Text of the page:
You're reading a website with the subheading, "Dopamine's Only Natural Predator." So by choosing to be here you implicitly accept a certain level of bleakness. I'm conscious of the fact that people don't like to feel hopeless all the time, however, and I try to keep the content from becoming too dark accordingly. Fortunately there is always something to laugh about, even if it's the kind of laugh you make from stubbing your toe on the steps up the gallows.
Two stories that have simmered for the past year intersected yesterday, one of which is getting long-overdue mainstream media attention for the first time.
One is a thing I threw at you back in September – the emergence of this new editing technology that allows the creation, without expensive equipment or expertise, of very realistic looking fake videos. Examples abound on YouTube; Radiolab did an episode on this last summer; now the New York Times is noticing. Right now the tech is still imperfect. If you watch some of the examples available online they still look subtly "fake." It's hard to explain exactly why, but you'll be able to tell something isn't right. But give this, like any tech, five more years to improve and you're going to see videos all but indistinguishable from reality. Think, as an analogy, of the first fully-CGI characters in movies back in the 2000s compared to today. Once the gap between legit video and these edited concoctions is closed, it will be game over for any remaining hope of having one consensus reality. Any real video can be discredited as fake, and any fake video can be accepted as real.
The second item was this belated and shockingly casual admission that Russian hackers accessed voter rolls and voting systems in "a small number" of states in 2016. Now, before you go running for the deep end, it appears highly unlikely that the outcome of the election was affected in any way. That's not the problem. The problem is the final leg of legitimacy beneath our elections is being undermined on the record. As we all suspected, voting systems are not entirely secure (nothing is, obviously) and now the government has admitted that, yes, hackers have tunneled under the castle wall. I think we all kind of knew that. Now we know it.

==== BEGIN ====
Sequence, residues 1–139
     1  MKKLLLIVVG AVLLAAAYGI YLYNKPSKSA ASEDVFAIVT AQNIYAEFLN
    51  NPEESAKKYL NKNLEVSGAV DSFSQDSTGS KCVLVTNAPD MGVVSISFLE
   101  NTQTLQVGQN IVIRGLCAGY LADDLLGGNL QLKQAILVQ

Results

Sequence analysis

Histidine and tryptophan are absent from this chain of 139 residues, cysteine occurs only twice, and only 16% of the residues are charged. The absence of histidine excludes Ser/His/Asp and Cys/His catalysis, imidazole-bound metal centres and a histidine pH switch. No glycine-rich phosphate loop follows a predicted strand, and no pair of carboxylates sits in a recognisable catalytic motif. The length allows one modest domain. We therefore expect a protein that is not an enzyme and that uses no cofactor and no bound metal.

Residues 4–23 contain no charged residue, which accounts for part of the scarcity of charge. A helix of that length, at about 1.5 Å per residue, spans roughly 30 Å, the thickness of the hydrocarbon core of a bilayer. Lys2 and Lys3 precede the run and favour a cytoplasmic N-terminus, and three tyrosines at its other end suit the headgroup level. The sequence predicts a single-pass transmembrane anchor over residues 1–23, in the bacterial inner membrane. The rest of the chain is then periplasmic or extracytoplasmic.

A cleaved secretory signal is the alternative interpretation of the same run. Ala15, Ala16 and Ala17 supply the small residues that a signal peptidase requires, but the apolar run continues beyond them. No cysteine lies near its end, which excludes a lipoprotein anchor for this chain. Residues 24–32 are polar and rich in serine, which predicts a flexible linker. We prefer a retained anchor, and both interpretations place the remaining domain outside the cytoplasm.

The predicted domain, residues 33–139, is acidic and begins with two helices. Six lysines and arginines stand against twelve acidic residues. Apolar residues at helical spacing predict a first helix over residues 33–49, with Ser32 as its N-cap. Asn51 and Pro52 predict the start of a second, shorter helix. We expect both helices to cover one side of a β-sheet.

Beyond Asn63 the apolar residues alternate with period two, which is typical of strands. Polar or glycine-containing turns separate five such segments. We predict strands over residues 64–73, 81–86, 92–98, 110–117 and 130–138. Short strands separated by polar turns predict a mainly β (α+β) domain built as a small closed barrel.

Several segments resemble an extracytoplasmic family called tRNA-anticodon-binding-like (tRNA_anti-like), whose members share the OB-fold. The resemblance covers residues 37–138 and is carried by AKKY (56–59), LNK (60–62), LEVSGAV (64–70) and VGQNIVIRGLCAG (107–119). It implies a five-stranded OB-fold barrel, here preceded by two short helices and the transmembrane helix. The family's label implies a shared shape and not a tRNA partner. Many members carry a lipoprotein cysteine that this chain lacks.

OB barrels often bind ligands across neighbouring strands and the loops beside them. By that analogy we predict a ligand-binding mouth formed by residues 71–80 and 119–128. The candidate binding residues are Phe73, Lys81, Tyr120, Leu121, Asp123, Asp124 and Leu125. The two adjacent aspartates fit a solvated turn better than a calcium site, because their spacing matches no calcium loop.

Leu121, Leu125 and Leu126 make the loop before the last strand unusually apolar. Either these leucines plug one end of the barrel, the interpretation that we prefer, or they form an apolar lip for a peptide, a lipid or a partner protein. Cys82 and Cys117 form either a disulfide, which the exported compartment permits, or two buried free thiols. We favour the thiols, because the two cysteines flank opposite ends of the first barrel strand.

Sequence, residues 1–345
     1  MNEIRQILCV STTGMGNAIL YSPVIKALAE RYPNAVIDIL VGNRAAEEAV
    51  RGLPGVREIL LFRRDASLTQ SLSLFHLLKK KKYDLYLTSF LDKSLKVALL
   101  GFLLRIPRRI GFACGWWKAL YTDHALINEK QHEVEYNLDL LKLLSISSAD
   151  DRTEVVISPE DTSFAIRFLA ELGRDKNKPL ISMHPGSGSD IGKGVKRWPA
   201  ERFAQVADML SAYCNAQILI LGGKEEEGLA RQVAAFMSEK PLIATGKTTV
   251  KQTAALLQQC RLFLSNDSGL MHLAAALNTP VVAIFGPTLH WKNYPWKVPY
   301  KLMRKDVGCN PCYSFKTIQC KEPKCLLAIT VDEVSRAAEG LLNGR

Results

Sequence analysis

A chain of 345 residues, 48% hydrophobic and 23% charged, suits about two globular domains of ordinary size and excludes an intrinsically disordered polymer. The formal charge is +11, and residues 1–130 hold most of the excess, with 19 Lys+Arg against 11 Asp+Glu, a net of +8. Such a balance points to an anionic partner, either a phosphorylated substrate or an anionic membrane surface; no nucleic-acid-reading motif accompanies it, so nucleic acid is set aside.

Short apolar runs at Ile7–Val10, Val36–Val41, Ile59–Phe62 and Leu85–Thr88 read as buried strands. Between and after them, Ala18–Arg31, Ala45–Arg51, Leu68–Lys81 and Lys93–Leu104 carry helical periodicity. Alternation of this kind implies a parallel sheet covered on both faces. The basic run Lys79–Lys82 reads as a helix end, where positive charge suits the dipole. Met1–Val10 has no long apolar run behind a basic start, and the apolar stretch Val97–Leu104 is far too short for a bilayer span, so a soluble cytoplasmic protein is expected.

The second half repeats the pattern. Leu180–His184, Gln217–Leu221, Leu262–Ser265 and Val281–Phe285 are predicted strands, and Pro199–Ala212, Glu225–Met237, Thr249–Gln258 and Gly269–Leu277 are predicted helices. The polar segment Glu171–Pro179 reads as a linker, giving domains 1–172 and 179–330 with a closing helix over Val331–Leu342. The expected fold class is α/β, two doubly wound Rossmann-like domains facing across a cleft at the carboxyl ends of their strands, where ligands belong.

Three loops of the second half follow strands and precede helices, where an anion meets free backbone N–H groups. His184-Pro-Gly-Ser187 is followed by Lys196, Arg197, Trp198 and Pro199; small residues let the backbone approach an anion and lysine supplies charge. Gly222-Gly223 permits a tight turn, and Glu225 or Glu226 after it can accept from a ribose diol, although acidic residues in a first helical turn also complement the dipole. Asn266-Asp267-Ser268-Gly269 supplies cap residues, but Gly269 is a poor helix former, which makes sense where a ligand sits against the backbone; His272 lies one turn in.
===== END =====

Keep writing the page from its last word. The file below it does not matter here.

This is a crucial step in all semi-authoritarian states – the delegitimization of election results. A good autocrat doesn't rig elections so much as he convinces the public that elections as a whole are not legitimate. Everyone's cheating! Who can say who really won?! Every election gets "disputed" and the outcome has to be determined by the state's unelected institutions – the courts, the bureaucracy, and, eventually, the military. As much as it seems like Trumpers would push back against a "Russia hacked the elections" story, this actually serves the long term goal very effectively. Undermine everything, then the power reverts to the status quo. Whoever is already in the driver's seat has a real advantage over everyone else who wants to get in it.
That's the agenda here, to undermine absolutely everything, even previously sacred cows like law enforcement. This is the strategy of denialists writ large. Climate change denialists, for example, don't want to convince anyone that climate change is fake; they want to convince people that no one really knows if climate change is real or fake. There's a "debate." A "controversy." Then the average person who doesn't know their ass from a mine shaft and who doesn't much care one way or the other can shrug and say "Well I guess nobody really knows." And once nobody can say for certain, everyone is free to choose whichever version of the narrative they prefer.
That is why the future is so dark right now – it's a future that looks eerily similar to Putin's Russia where reality is whatever you choose to think it is, nobody can really know anything for certain, and all information is subjective. Add in a burgeoning ability to generate fake images nearly indistinguishable from reality and it starts to look downright reasonable to conclude that we are well and truly fucked.